We have lost touch with the deep significance of work by separating the dignity, creativity, and livelihood of work from the individual person. In today’s emphasis on consumer capitalism — results and products — we have forgotten the interconnectedness of all our work, and the way we are baptized into the human community and live out that baptism through participating in purposeful work with our hands and feet.
I saw ailing patients. I saw the neighborhoods surrounding Hartford Hospital, which belie the city’s reputation as the home of pin-striped actuaries bored with their BMWs. Connecticut’s capital is, in fact, one of the nation’s poorest communities, its many marginalized Hispanic and African American neighborhoods barely seen by the BMW drivers. The cerebral palsy victims trapped in their bodies; MS patients; old women fumbling for change on the bus while hooked up to portable oxygen; old men wheezing with emphysema. So many people we barely see — and I was one of them.
I took solace in knowing that Jesus makes a bee-line for my new world.
I am a big believer in shaking things up and approaching ideas through an unexpected perspective. Like the billboard I saw in Minnesota: It read, at the top, “Minnesota Cremation Society.” In the middle was a photo of a casket, and underneath, it read, “Think outside the box.”
Without his community of his sisters and family, who have been mourning his death and questioning God for not saving their brother and friend, Lazarus would remain entombed. Without community, we remain bound and entombed. I’m not saying that our actions are as great as Jesus raising someone from the dead. But I am saying that God entrusts us with living into community, so that we may welcome our brothers and sisters out of death and into life.
Rape. Domestic Violence. Acid Burnings. Female Infanticide. Human Trafficking. Emotional Abuse. Sexual Harassment. Genital Mutilation. These are just a few forms of sexual and gender-based violence (SGBV) that women and girls endure on a daily basis. But these assaults on the human spirit and sacred worth of women and girls will not have the last word.
Pope Francis on Sept. 2 told his followers to clamber down from their lofty skyscrapers, reclaim public spaces, and rejoin communities.
Speaking at his weekly public audience at the Vatican, the pope said it was up to families to rejuvenate cities.
There may be a lot of ways to spend one’s free time in a city, but love is missing, Francis said.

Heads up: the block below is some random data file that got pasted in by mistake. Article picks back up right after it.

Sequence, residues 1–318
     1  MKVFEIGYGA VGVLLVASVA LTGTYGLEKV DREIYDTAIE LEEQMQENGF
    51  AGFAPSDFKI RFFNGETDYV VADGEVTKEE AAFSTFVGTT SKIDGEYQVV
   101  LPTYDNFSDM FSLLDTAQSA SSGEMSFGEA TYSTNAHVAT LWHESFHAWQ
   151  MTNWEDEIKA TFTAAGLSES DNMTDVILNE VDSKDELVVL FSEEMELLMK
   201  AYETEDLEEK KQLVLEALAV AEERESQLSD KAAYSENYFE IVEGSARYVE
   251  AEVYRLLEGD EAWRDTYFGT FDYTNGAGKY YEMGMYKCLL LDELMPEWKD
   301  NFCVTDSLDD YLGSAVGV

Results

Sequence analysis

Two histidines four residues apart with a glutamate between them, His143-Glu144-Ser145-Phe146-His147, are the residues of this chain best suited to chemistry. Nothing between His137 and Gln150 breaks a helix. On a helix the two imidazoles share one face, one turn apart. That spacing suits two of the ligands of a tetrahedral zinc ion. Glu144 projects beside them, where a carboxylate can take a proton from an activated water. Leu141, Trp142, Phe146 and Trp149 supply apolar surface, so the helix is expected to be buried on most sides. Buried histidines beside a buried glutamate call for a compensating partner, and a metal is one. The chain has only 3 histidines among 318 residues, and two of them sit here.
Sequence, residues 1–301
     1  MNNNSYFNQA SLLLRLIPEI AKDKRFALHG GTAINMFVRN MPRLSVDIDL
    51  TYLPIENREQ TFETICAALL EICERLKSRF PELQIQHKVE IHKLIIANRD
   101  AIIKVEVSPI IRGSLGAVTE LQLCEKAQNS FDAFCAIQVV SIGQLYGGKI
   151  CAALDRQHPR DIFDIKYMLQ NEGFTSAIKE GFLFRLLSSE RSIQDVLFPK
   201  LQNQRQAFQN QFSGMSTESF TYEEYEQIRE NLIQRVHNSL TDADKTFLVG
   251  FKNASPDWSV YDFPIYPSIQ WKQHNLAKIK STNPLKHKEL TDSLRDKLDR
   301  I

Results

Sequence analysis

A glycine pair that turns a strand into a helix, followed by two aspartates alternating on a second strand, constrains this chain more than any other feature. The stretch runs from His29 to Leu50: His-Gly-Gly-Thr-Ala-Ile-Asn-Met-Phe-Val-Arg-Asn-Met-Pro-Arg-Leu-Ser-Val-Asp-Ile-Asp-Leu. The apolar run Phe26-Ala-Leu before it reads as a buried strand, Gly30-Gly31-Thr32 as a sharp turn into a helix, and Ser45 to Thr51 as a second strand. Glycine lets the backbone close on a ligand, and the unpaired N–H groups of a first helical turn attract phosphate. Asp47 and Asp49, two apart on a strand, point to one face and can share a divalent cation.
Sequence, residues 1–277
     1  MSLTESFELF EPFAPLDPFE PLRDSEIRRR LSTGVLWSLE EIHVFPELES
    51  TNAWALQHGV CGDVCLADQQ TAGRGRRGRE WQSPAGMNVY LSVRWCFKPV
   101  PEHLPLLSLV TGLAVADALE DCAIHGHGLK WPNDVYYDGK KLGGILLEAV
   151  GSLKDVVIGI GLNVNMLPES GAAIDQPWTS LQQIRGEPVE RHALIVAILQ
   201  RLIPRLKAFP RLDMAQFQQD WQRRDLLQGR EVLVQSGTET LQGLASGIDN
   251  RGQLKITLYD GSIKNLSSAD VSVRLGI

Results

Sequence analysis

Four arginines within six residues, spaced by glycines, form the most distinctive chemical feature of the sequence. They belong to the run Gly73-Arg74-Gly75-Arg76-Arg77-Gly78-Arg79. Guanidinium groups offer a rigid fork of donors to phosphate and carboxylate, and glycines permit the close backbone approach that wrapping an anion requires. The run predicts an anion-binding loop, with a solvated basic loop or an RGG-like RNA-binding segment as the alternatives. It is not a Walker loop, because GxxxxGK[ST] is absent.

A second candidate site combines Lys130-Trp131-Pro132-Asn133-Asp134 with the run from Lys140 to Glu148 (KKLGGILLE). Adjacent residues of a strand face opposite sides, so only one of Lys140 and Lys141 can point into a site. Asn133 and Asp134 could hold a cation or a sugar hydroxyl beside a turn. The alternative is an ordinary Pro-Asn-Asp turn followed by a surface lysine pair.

Teens across the world are still flocking to monks in France to deepen their Christian faith? Yes — and my family and I remained in awe of its tent-dotted fields and large scale kitchens staffed all by volunteers.
The Taize community of brothers from across Christian traditions — alongside sisters from a Catholic order — host religious thinkers, leaders, practitioners, and especially youth who want to engage biblically around issues spanning peace, justice, the arts, service, and Christian practice. We came to Taize as a spiritual "vacation-pilgrimage" during their 75th anniversary celebration and the 10th anniversary of Taize's founder’s death, joining religious leaders from around the world.
For American Christians who may be stuck in habits of religious thinking that promote "all or nothing," "left and right" interpretations of the Scriptures, Taize invites us to sing together and investigate the scriptures from a fresh global perspective.
EVEN AS SOUTHERN states—and GOP candidates—jumped through hoops to distance themselves from the Confederate flag, a backlash erupted among those claiming the flag was merely a symbol of “heritage.” Battle-flag waving Southerners (and Confederacy sympathizers) seemed to leap at the opportunity to wave their banner high.
But what about the rest of us? One of the most profound statements I’ve heard recently came from Rev. Jin Kim, founding pastor of Church of All Nations in Minnesota. This Korean-born pastor stood at the podium of the Sojourners Summit and said with conviction: “I am a white supremacist.”
How can this man, a person of color who’s dedicated his life to ethnic and cultural reconciliation, be a white supremacist? The same way any of us can. After all, at its heart white supremacy is not about white hoods, battle flags, and burning crosses. Those symbols are what we call explicit bias. People know when they are practicing it.
But most often white supremacy is about implicit bias that favors whiteness. It’s about the unconscious associations we make in our minds before we even know we’ve done it. White? Rich. Black? Poor. White? Good. Black? Bad. White? Trustworthy. Black? Scary. You get the idea.
These are the unconscious biases that shape the way we order our lives; the communities we live in, the places we shop, the churches we attend, the leadership from others we accept (or reject), and the policies we support (or don’t).
It’s not hard to fume at the thought of the killer of Mother Emanuel’s Nine. And it feels good to click “like” and share posts calling for the removal of Confederate flags.
But if we stop there, bias beats us. It is the unconscious biases of the masses that keep us from moving forward, not the explicit biases of the few. So, check out this tongue-in-cheek list of four easy ways to be a white supremacist (regardless of your own race).
1. Plan a conference on church planting with a speaker lineup so white it would make Honey Boo Boo blush. And if you want to increase your “diversity,” have one speaker of color (even if he is from India), an Asian emcee, and maybe a black worship leader.